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    @user24663 The instance in Proverbs is an imperative, in Ruth it's possessive and in Chronicles it's a noun in my view. Only the pronunciation matters. (This is why Strong's 8196 and 8199 are not distinguished.) – Kazi bácsi Jan 12 at 14:25
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    @user24663 Sorry, did not look close enough. Only Ruth has an infinitive, it would seem. Anyways: check out pgs. 262ff, 268ff. It would certainly have been odd for Masoretes to invent a system where hatef patah is a short patah, hatef segol is a short segol, hatef hirik is a short hirik and hatef qamats is a short holem! – Argon Jan 12 at 15:07
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+350

My understanding here is that the masorah here is relating to the word שְׁפֹט / שְׁפוֹט without any prefixes.

That word does appear only twice in Tanach: here (spelled defective) and plene in II Chronicles 20:9

אִם־תָּב֨וֹא עָלֵ֜ינוּ רָעָ֗ה חֶרֶב֮ שְׁפוֹט֮ וְדֶ֣בֶר וְרָעָב֒ נַֽעַמְדָ֞ה לִפְנֵ֨י הַבַּ֤יִת הַזֶּה֙ וּלְפָנֶ֔יךָ כִּ֥י שִׁמְךָ֖ בַּבַּ֣יִת הַזֶּ֑ה וְנִזְעַ֥ק אֵלֶ֛יךָ מִצָּרָתֵ֖נוּ וְתִשְׁמַ֥ע וְתוֹשִֽׁיעַ׃

where, interestingly, it would seem to be a straightforward noun (equivalent to the word מִשְׁפָּט).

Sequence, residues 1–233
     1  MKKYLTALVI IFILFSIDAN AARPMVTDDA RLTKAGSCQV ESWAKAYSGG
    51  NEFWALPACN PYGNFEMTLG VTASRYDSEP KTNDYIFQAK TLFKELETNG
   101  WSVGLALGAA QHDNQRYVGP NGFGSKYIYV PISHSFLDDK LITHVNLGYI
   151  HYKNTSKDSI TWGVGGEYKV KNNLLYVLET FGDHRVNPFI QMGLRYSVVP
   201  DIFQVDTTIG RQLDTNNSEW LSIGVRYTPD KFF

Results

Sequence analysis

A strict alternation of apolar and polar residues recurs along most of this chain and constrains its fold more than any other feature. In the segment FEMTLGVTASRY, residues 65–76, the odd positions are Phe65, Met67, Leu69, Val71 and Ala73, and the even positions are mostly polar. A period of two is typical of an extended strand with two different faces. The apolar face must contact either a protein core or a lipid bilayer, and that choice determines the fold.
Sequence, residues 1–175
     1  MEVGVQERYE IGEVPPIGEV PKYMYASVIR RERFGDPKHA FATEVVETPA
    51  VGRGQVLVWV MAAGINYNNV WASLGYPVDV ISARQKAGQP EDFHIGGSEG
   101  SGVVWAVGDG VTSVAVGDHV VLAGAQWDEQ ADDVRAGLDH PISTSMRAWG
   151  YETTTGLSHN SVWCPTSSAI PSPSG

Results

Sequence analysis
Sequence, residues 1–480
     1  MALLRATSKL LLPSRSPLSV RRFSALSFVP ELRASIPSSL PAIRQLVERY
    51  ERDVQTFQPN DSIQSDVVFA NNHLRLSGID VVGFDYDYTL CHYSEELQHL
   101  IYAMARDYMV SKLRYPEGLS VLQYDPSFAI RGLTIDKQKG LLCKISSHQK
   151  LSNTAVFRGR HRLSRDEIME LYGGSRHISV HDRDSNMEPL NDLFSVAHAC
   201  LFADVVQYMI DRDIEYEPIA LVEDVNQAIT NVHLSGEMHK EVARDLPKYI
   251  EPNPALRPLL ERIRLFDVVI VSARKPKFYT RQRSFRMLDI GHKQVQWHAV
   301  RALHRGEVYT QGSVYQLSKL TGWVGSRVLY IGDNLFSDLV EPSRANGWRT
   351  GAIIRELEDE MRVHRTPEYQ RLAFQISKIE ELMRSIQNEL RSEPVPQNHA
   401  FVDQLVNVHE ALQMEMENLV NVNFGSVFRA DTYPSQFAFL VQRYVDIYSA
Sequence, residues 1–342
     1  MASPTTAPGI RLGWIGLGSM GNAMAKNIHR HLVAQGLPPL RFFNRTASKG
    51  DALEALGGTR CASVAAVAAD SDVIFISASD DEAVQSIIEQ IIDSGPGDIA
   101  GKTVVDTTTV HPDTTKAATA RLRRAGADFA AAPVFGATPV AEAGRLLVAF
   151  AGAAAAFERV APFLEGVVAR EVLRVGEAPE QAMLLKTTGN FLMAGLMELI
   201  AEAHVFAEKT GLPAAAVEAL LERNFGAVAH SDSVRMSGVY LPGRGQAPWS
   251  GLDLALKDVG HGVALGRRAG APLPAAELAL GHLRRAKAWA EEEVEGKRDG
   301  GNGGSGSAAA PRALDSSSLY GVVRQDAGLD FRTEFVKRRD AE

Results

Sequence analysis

(There also seem to be other versions of the masorah which quote a third instance: the word שְׁפָט appearing in Proverbs 31:9.)

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  • Thanks! My source for the other cases of the infinitive treats the case in 2 Chr. 20:9 as a separate lemma, so it didn't show up in my list. Is there any way I could have found it, other than using a modern concordance? It seems slightly odd that the Masoretes would remark that there exists a second instance, but not where to find it. – user24663 Jan 12 at 12:15
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    @user24663 Again, this is based on pronunciation rather than grammar, and it is listed in the masorah gedolah of the Aleppo Codex. I couldn't figure out, whether that note was also in the Leningrad Codex. – Kazi bácsi Jan 12 at 12:19
  • @Kazibácsi Yes, I have read your answer, it was very helpful as I did not expect it to be based on pronounciation. But apart from the case in Proverbs (which indeed has ל for me), how would I have found the reference to 2 Chr. 20:9 from Ruth 1:1? – user24663 Jan 12 at 12:26
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    @user Haha! That is the trick! In the codex the note is usually placed only at one of the instances. Therefore, I really recommend using the Mikraot Gedolot haKeter, which lists them all. – Kazi bácsi Jan 12 at 12:30
  • @Kazibácsi that's... yeah, that's great! In my Bible, the BHS, the reference is given in neither direction (but that's not much less helpful than a reference in one direction). Other bidirectional references are given at both places (e.g. וְתִשְׁמַע in Dt. 32:1 and 2 Chr. 20:9), but I know now that I cannot rely on that. Thanks for the MGhK resource, that will be very helpful! – user24663 Jan 12 at 12:42